March Madness kicks off in less than a week, which means that everybody’s dusting off their cliches about the Big Dance. So I’ll shake the rust off a piece I published back in 2008 on Blogger where I lamented, to no avail, the use of imprecise bromides that have far more fizzle than sizzle. I think there’s a good argument that King Lear would also rage against such language. Alas, here goes my attempt to change your mind.

(March 19, 2008): I feel like putting on my dancing shoes, baby. It’s time for the Big Dance where a Cinderella always pops up. And it’s also that time when cliches run rampant. Writers and editors especially love using the Big Dance, but they also enjoy many other cliches. Many of these cliches are overused well before the NCAA Tournament begins. Games are frequently called tilts, teams fight back when their backs are against the wall, victories are hard-fought, and players assert their will.

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Rubric for evaluating sports columns

Columnists are reporters with an opinion. The best columnists are also keen observers, precise writers, and excellent storytellers. A sports columnist should offer meaningful insights, cover sports ignored by others, address cultural criticism, and analyze games in considerably more depth than the average fan. A sports columnist should, at different times, afflict and comfort us. Write with style and grace, have strong opinions (sharpened with facts), and offer fresh perspectives.

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There’s no better way to teach sportswriting than to bring students to cover live events

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EIU women’s basketball coach Matt Bollant and two of his players address the media, and my students, after a game last week. These experiences are invaluable for sports media students.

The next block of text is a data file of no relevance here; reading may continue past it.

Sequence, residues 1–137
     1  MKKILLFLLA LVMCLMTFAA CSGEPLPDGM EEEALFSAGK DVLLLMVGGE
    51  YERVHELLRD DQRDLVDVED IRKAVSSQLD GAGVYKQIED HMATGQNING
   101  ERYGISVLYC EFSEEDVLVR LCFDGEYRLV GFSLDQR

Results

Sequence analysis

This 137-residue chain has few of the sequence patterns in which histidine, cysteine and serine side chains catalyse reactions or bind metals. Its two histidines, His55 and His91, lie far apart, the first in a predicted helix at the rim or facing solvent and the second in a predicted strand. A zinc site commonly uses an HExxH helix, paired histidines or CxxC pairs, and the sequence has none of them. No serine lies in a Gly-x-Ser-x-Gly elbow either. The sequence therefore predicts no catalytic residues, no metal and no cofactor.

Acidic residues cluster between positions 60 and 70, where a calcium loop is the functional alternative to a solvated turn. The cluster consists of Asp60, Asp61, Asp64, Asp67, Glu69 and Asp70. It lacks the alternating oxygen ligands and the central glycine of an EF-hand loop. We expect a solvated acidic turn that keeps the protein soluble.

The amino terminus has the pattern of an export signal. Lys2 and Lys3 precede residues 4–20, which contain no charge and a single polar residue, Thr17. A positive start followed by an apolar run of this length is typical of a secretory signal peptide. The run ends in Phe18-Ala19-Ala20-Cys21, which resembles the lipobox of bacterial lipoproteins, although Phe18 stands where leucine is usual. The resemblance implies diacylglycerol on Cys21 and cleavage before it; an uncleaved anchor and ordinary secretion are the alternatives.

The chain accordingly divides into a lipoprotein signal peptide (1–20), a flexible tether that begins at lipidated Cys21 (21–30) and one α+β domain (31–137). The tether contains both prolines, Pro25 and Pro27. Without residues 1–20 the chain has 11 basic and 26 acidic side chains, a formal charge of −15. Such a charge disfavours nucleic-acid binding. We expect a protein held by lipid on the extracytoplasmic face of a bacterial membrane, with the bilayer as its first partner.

You can grill students all you want on interviewing techniques, keeping score, taking notes and writing game stories, but they won’t really learn until you throw them into live event coverage.

Everything makes sense until one has to cover a game on deadline.

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Why do athletes feel as though they are under attack? What can journalists do to address this?

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America feels as though it is under siege right now.

The students at Marjory Stoneman Douglas High School, who are eloquently, candidly and smartly addressing the concerns they have about gun violence in America, certainly do. As does the NRA, whose president says that the Second Amendment is being attacked. There’s also President Trump, who claims that the FBI investigation into his administration is a threat. And there are also millions of Americans, who are concerned about our election process being hacked by Russians. There are also smokers, drinkers, non-smokers, Christians, Muslims and agnostics who have, in their minds, grave concerns about attacks on their way of life.

Add athletes to this list.